June 20, 1863: West Virginia Admitted to the Union

west virginia state sea

West Virginia was admitted to the Union one hundred and fifty years ago, a product of the Civil War and the unwillingness of the mountaineers of  north western Virginia to leave the Union over slavery.  Here is the Proclamation of President Abraham Lincoln:

By the President of the United States of America A ProclamationWhereas by the act of Congress approved the 31st day of December last the State of West Virginia was declared to be one of the United States of America, and was admitted into the Union on an equal footing with the original States in all respects whatever, upon the condition that certain changes should be duly made in the proposed constitution for that State; and

Whereas proof of a compliance with that condition, as required by the second section of the act aforesaid has been submitted to me:

Now, therefore, be it known that I, Abraham Lincoln, President of the United States, do hereby, in pursuance of the act of Congress aforesaid, declare and proclaim that the said act shall take effect and be in force from and after sixty days from the date hereof.

In witness whereof I have hereunto set my hand and caused the seal of the United States to be affixed.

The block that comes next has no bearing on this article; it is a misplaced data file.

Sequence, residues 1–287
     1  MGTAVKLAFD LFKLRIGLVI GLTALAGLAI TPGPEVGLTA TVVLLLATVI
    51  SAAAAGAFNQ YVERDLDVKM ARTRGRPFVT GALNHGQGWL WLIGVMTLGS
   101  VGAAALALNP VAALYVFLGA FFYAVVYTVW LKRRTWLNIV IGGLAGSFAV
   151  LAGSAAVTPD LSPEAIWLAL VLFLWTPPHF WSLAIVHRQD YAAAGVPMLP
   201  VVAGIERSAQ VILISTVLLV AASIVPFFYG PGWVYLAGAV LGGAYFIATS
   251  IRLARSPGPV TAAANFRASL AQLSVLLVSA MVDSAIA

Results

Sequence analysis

Done at the city of Washington, this 20th day of April, A. D. 1863, and of the Independence of the United States the eighty-seventh.

ABRAHAM LINCOLN.

By the President:

WILLIAM H. SEWARD,

Secretary of State.

The Constitutionality of the creation of the state of West Virginia was never challenged in court.  The State of Virginia, through the loyalist government set up by the Union during the War was deemed to have consented to the creation of the new state.  The Reconstructed government of Virginia did sue after the War over Berkeley and Jefferson counties, arguing that the people of those counties had never voted to be part of the new state since an election could not be held in them due to them being militarily controlled by the Confederacy at the time.  The United States Supreme Court in the case of Virginia v. West Virginia (1870) ruled 6-3 that the two counties were part of West Virginia: (more…)

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Published in: on June 20, 2013 at 5:30 am  Comments (7)  
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October 3, 1861: Battle of Greenbrier River

Most of the skirmishes and battles of the Civil War were fairly indecisive affairs, and so it was with the battle of Greenbrier River fought on October 3, 1861 in Pocahontas County in what is now West Virginia.

In mid September 1861 the Confederates had established Camp Bartow in the area of Cheat Mountain under General Henry R. Jackson.  Union forces under General Joseph J. Reynolds (intriguing that the Confederate and Union commanders had surnames that would become famous in the War, but not due to them) attacked the camp on the morning of October 3, 1861.  Each side consisted of about six brigades.